When there’s a fight among my children, I step in. These are the steps I take:
I issue a summons for everyone involved to go to Kids’ Court. If they do not appear, they are punished as if they were guilty of whatever the other person says. I love to use legal terminology to teach about law simultaneously. We already have the context to learn these new words and concepts so I use it.
We start with one person to tell the story. Sometimes I am strategic about who I choose. I get a notebook and I write what happened from that person’s point of view. The second person doesn’t get to talk until the first is finished. They are never allowed to talk to each other. When they are done, I amend the narrative on paper based on the second testimony. I use the word “allegedly” if there’s no consensus. Then I ask what each person felt during key moments. I write that on the side to validate their feelings. Here’s expert mode: ask one person what the other person felt, instead. This is the point of all of this: to get good at recognizing emotions and emotional causes and effects in themselves and others. This is worth the time.
Then everyone does 10 push-ups. Prosecutor, defendant, victim, judge, even bystanders. This is not a punishment, this is the cure. Push-ups make everyone stronger, which can strengthen the victim long term. Also it fills up kids’ proprioception needs, which probably caused the agression in the first place.
Then we watch a funny video. Usually two studio C episodes on YouTube. Then I make a judgement about what consequences need to be meted out. I also have the kids DO something about the situation, like submit an idea for the Idea Box or do community service or clean up the problem toy or start another activity or have a snack or go to their rooms or play outside.
To reduce contention in the first place, we implement Property Rights and Auctions.
In the real world, people keep things that belong to them. No one takes them. We adapt that for our family to mean that you keep something until you are done with it. We know a child is done with something when they walk away from it. The exception is when they leave to do something for Mom, like go potty.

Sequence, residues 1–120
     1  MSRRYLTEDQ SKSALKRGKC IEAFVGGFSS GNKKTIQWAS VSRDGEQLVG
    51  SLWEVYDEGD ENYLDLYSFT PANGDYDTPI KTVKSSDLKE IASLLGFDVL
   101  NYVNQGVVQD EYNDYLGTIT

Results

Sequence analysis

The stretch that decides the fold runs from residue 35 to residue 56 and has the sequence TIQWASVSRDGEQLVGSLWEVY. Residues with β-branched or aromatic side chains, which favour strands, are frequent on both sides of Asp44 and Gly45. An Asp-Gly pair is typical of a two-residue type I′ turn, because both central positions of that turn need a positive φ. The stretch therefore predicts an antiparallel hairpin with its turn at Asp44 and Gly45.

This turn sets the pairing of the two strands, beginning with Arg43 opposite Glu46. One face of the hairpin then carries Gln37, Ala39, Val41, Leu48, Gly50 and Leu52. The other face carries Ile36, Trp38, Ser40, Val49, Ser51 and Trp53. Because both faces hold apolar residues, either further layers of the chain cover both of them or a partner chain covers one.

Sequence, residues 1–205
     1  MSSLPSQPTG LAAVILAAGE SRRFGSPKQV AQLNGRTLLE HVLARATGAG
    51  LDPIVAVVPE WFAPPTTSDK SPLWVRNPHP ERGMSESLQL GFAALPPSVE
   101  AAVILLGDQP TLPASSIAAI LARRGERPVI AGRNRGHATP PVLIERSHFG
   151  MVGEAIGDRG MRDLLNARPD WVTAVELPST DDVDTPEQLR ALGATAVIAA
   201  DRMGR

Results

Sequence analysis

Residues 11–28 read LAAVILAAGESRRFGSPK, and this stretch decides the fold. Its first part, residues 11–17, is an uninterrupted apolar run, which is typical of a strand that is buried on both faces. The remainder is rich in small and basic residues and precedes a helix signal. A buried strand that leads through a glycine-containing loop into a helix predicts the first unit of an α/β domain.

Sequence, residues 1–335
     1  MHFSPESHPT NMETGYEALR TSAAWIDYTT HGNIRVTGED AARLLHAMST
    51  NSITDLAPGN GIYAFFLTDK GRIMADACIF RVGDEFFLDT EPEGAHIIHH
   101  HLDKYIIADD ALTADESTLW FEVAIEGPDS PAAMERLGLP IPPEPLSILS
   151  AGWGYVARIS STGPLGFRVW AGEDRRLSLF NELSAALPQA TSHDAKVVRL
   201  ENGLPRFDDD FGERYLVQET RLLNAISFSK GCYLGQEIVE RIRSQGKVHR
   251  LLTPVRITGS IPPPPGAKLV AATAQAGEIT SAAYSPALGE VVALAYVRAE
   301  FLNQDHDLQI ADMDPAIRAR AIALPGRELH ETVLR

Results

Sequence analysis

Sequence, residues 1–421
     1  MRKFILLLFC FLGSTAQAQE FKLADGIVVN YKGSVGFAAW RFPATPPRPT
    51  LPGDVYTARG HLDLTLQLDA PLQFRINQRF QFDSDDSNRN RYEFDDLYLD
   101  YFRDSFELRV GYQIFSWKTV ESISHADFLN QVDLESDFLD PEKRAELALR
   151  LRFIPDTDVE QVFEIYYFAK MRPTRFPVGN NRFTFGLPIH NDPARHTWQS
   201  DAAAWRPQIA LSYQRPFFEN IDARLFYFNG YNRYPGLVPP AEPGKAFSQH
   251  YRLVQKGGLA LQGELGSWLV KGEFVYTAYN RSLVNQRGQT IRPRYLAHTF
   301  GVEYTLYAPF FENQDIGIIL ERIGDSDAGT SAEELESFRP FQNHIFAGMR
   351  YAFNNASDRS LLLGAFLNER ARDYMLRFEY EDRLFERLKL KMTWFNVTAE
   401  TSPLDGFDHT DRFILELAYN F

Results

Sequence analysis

A bad situation is when the parent doesn’t see who had it first, and both kids maintain it was them. It’s possible that someone had it a long time ago, and didn’t mean to walk away, and someone else picked it up who didn’t know it was in use. I don’t know what to do in this situation. I play it by ear. But I like the phrases, “Go get her a Tempting Toy.” or “If he is playing with that, then every single other toy in the house is available.”
When someone gets a gift for their birthday or Christmas, they control it’s usage for that day. People have to ask the owner if they can use it. The next day, it becomes family property.
Some items need to be controlled by one person indefinitely, to avoid damage. Of all kinds. This is negotiated separately, with everyone having a Thing.
In the real world, we solve scarcity problems with money. That way, the person who wants it most can have it. In my home, I can make sure everyone has a fair amount of money to start with. I wish I could in the real world, too.
So when there’s just one more homemade biscuit left, or one bar stool left, I say in an auctioneer’s voice, ten cents, who will give me ten cents… Austin! Twenty cents, twenty cents, going once, going twice, sold to Austin.
Then I debit his account of twenty cents. I keep track of their accounts in old check book balancing registers, the ones with the leather covers. So if you have extra you should give them to me.